Pop Culture
Sep 26, 2014, 07:48AM

The Perfect Queerness of Portland

I admired how creative the whole city felt. 

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I recently got back from a four-day stay in Portland, Oregon, which is the queerest little city in the United States. The only thing I knew about Portland before spending any time there came from the skits I’d seen on IFC’s Portlandia, the sometimes-funny comedy about hipsters in Portland that’s really about hip, free-range young people in lots of different places. When you’re in Portland, Portlandia always comes up in conversation somehow. A delightful queer older gentleman (and radical faerie) I met at Russell Street Barbeque asked me what I thought about Portland. I told him it seemed just like the show.

“Well it’s true—I do pickle things,” he said.

Portland is a surprising place. When you stroll through the Pearl, the former industrial core of the city that’s been transformed into a fabulous urban enclave of shops, boutiques, grocery stores and bakeries, you get the feeling that you’re in some sort of super clean urban oasis.  It’s urban but nature is right around the corner. With around 600,000 people the city offers a great deal of shopping and culture. Powell’s City of Books, perhaps the largest independent bookstore in the world, thrives in multiple locations around the area, whereas most independent bookstores in other cities—and even the big box ones—have closed shop.

As for culture, the city offers a big-ticket intellectual punch. I was in town for the Portland Institute for Contemporary Art’s Time-Based Art Festival, where I was one of the guest artists, and I admired how creative the whole city felt. For instance, the TBA Festival is a month-long showcase of cutting edge performances by a range of interdisciplinary artists from various artistic genres. One piece I loved by Eisa Jocson was called “The Death of the Pole Dancer,” a challenging meditation on gender, exoticism and sex work. Cello rock star (no, seriously) Maya Beiser captivated an auditorium of 500+ by virtually turning her cello into a guitar and wowed everyone by playing covers of classic rock and roll songs, all while wearing insane platform heels and a fabulous sequin dress.

By now I’ve been to Portland several times and with each visit I’m impressed by how aggressively queer the place feels. That’s the thing I love most about Portland: it’s so queer, and queer in a way that even big cities like New York or Chicago don’t feel queer. Just a few days before arriving in Portland I was in Chicago where my friend took me to a party called Men’s Room, a type of gay male only party a la the 1970s where you’re forced to take off either your top or your bottom. By day the venue is an upscale restaurant but when Men’s Room happens it becomes a den of blowjobs, ecstasy and amazing house music. Great!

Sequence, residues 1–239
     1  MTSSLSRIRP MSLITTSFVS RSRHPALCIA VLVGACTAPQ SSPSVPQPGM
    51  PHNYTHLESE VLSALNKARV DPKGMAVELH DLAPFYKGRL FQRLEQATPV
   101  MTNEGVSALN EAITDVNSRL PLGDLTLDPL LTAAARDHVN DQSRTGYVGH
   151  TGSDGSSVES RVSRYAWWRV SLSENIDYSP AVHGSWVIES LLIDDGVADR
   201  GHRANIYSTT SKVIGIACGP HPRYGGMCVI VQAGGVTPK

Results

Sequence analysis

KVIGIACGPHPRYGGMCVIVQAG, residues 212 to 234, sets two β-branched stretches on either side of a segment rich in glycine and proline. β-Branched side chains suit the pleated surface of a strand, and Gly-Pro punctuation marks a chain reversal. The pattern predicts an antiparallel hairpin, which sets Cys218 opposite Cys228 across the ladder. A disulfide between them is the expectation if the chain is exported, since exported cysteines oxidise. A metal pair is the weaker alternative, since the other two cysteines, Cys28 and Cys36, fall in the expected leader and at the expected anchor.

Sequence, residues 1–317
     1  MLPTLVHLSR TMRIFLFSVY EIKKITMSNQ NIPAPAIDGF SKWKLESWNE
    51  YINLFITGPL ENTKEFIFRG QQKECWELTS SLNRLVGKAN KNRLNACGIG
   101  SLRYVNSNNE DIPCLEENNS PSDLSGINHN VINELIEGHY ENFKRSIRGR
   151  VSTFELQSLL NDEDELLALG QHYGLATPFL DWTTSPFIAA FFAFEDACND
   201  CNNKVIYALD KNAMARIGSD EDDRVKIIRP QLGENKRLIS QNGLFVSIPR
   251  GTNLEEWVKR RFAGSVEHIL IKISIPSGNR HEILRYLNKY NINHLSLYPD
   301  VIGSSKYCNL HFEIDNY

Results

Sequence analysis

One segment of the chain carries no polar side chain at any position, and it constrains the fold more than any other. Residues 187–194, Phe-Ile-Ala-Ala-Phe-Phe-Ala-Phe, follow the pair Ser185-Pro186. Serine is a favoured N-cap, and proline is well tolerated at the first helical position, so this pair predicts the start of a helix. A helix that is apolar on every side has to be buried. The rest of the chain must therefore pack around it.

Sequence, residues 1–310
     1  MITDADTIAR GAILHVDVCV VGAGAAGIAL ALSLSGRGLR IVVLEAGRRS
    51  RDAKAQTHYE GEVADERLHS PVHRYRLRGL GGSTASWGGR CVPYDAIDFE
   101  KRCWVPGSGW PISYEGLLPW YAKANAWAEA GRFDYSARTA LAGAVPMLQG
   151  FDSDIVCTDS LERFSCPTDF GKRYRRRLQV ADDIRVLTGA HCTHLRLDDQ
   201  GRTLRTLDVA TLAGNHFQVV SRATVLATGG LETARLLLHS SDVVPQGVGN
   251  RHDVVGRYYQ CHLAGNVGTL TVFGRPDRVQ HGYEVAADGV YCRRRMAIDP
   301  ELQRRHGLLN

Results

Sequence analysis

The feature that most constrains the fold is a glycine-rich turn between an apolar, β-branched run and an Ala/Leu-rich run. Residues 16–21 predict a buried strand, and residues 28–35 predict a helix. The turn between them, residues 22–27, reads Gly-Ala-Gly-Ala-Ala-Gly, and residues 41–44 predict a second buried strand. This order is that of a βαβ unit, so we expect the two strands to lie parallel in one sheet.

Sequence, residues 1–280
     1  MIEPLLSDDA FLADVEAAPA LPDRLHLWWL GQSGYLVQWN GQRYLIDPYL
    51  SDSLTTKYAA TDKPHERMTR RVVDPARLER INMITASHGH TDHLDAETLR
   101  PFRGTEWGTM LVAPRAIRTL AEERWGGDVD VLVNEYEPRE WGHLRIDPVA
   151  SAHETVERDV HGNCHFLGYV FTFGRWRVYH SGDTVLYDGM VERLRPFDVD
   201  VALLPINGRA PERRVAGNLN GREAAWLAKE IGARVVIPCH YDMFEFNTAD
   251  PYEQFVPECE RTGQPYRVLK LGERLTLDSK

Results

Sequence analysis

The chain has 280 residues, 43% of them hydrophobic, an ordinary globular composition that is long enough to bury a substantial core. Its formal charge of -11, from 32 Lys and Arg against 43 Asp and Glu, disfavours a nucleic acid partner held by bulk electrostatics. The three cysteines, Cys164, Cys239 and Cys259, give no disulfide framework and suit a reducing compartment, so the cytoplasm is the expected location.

Except it was largely full of eager, masculine gay bears, which was cute for the little hour and a half I was there, but after a while it was so boring. I was sick of dancing on the box by myself and staring out into a sea of sweaty straight-acting white guys. Where were all the faggots? Where were all the sissies and divas? A party without sissies and faggots just isn’t my flava.

I’ve frequently written about how sick I am of masculinity and the overstated role it plays within the gay-male-sex-having-industrial-complex. During my stint at the Time-Based Art Festival in Portland I was a guest judge at Critical Mascara: A Post-Realness Drag Ball, meaning I got to play dress up and be all performance art-y with the Portland area faggots and sissies. It was a really powerful experience because I got to see how important clothes, fashion and playing dress up was for queer people.

If you know drag, even from a little bit of RuPaul’s Drag Race, then you know that most people do drag in a way that impersonates femininity, and there’s a real art in the work these queens do. But at Critical Mascara the people who inspired me most weren’t just the drag queens. I was living for all the bearded bears and boys in dresses who also turned looks, giving you skirts, heels, lipstick, pearls and all the rest. It was so exciting because from what I can tell in New York or Chicago the majority of gay men aren’t always so quick to embrace faggotry. I was the only fag at Men’s Room in Chicago that night and so I left. The lack whimsy and play with gender really ruined the experience for me.

In any case, Portland’s a great place to be for the artsy leftist queers among you.

—Follow Madison Moore on Twitter: @popgazm


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